Help, Types of MFA

Multi-Factor Authentication

Multi-Factor Authentication, or MFA, as defined by NIST are any combination of 2 or more factors used when authenticating a person’s identity, NIST goes on to say, “MFA can be performed using a single authenticator that provides more than one factor”. Those factors are “something you have, something you know, and something you are”. AffirmID Auth includes all and adds one mor, “presence”. To satisfy its identifier that you are you it is required a person has possession of the phone meeting the possession and something you have, that person knows and can successfully enter the BioPIN within 3 try’s as something you know, and the biometrics of their human traits match yours.

In addition to the number of authenticator factors, also consider their type, “1-way” or “2-way” when selecting an authenticator of choice for your business. Registering authenticators with the secure service relying on them is a requirement. OTP authenticator registration, often referred to as 2FA or 2-step, is a 1-way process, a result of sending registration information over unsecure channels such as email, webpage, or SMS text message each an attack vector. A cryptographic authenticator such as WebAuthn provide 2-way security in which cryptographic credentials and tokens are exchanged and validated by both the relying party and the authenticator.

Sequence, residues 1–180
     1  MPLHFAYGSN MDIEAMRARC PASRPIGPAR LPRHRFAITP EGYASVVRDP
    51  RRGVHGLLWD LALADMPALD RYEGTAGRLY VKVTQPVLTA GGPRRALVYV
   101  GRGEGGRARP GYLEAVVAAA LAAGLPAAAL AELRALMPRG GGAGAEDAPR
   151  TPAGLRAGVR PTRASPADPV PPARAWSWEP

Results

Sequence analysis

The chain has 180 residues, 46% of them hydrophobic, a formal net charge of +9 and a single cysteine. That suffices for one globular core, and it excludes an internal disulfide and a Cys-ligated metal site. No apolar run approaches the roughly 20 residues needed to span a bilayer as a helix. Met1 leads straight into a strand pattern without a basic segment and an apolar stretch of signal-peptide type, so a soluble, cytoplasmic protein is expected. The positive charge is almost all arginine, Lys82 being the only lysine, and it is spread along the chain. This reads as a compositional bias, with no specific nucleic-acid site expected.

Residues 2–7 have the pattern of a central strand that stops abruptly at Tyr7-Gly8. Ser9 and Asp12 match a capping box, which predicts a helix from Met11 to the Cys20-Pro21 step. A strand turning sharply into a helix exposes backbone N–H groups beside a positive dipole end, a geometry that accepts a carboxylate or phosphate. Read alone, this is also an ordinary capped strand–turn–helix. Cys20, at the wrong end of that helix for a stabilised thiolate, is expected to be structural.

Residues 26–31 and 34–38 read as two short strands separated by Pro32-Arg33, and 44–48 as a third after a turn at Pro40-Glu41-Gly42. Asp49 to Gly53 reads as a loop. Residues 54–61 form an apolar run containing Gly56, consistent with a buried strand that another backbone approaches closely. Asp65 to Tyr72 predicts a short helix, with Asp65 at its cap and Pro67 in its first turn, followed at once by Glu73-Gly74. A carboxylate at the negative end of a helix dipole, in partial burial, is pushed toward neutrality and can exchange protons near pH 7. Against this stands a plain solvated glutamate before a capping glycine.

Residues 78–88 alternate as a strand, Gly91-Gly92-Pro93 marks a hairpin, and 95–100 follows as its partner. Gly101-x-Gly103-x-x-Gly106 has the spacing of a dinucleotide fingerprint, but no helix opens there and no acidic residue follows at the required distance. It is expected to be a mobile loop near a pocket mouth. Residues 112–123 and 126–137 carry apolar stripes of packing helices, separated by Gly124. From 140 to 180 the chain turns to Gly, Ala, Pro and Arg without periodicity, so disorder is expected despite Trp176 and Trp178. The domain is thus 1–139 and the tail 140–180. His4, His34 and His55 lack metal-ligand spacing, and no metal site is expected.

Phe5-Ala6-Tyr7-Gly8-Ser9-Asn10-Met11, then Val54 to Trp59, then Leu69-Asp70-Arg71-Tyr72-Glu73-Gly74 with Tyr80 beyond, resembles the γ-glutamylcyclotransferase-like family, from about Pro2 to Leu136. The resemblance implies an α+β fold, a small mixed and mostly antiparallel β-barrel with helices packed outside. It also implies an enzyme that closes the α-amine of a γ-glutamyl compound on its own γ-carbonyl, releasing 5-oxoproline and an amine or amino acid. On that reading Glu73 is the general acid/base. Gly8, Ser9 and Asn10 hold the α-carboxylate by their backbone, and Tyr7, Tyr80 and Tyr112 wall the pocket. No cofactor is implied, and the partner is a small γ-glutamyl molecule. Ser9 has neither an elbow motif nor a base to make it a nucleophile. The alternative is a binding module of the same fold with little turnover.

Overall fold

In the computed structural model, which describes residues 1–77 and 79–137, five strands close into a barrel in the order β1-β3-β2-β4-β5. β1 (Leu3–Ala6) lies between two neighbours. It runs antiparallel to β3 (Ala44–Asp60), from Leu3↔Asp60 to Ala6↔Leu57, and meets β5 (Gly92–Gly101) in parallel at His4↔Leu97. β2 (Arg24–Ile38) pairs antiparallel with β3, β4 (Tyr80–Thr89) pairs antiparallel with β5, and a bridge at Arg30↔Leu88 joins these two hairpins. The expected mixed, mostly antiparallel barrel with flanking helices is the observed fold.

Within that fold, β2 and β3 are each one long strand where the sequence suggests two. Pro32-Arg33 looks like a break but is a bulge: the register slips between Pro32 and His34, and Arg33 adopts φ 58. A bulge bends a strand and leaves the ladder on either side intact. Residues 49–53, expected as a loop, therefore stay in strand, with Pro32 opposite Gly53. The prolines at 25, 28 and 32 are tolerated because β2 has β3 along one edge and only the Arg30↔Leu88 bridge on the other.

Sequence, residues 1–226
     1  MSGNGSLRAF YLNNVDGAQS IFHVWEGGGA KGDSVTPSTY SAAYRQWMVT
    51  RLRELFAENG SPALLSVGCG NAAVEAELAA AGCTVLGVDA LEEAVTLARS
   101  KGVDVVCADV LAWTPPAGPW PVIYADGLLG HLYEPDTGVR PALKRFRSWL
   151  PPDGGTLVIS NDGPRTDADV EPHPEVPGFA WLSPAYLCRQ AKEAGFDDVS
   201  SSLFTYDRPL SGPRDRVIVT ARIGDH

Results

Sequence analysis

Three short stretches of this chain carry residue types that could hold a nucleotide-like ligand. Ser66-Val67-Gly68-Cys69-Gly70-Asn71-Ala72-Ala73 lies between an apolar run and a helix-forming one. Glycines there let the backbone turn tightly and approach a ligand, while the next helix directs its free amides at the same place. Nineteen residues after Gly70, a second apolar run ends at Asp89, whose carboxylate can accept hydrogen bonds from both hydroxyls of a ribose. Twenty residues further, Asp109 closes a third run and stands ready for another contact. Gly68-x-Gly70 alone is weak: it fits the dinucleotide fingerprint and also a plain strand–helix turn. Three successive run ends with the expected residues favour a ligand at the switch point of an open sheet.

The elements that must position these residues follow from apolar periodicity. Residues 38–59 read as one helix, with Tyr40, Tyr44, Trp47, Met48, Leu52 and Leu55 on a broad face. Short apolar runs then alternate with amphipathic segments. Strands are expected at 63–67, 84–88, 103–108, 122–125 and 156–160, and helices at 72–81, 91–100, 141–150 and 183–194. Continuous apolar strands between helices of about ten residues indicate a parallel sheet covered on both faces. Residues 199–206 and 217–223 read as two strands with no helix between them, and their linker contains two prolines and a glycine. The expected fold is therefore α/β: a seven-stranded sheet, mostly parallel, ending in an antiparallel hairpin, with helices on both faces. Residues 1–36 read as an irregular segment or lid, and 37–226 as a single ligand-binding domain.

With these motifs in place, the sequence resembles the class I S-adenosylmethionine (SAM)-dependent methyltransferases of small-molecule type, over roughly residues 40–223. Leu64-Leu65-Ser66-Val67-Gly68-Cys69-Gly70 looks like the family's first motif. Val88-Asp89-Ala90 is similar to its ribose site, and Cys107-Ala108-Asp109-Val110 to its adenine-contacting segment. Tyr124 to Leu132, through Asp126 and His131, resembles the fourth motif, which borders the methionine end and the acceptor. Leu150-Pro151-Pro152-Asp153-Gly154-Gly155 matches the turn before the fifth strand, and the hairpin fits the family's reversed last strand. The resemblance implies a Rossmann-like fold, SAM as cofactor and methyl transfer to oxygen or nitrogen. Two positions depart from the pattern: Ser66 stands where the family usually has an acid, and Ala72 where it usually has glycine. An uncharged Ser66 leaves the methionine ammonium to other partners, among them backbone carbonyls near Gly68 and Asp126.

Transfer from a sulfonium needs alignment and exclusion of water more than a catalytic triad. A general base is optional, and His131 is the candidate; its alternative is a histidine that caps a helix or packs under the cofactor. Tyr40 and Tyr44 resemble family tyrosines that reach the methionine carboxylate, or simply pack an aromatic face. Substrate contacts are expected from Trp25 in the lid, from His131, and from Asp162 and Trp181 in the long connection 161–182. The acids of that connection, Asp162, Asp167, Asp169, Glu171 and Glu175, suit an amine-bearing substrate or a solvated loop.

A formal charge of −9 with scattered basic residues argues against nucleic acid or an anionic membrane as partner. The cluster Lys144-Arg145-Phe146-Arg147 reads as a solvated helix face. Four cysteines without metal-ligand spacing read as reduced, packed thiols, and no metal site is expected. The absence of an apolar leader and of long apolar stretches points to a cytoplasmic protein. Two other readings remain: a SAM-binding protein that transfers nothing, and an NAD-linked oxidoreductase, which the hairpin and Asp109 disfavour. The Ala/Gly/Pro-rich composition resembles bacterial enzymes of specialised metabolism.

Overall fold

Passive Two Factor Authentication

AffirmID Auth supports One-Time-Passcode two-factor authentication in which accounts are setup using a QR code or by manual entry of the account information and secret. Consider how either is delivered and received as a man-in-the-middle could hijack the information. Generally, the first factor is a PIN or password, or something you are, and the second is the One-Time-Passcode produced by AffirmID Auth.

Active MFA Authentication

NIST defines multi-factor authentication, or MFA, as comprised of something you know, something you have, and something you are. Scenarios where MFA is often used include username only also known as password-less authentication and private key authentication.
Private key authentication requires use of a more sophisticated type of device token such as a smartphone acting as the authenticator. A hypothetical application may be a notification pushed to a phone running an authenticator app secured by a biometric and responding, after button tap, with cryptographic key.
Username only authentication normally comprises the username augmented by a biometric enabled authenticator using a cryptographic key. In practice the username is provided augmented perhaps by a fingerprint scan and followed by button tap. Something you know, the username, something you are, the fingerprint, and something you have, the button tap token.